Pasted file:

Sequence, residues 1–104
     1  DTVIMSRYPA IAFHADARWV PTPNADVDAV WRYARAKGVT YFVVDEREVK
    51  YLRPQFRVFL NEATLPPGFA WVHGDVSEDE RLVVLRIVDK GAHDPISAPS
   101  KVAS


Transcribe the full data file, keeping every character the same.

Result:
Sequence, residues 1–104
     1  DTVIMSRYPA IAFHADARWV PTPNADVDAV WRYARAKGVT YFVVDEREVK
    51  YLRPQFRVFL NEATLPPGFA WVHGDVSEDE RLVVLRIVDK GAHDPISAPS
   101  KVAS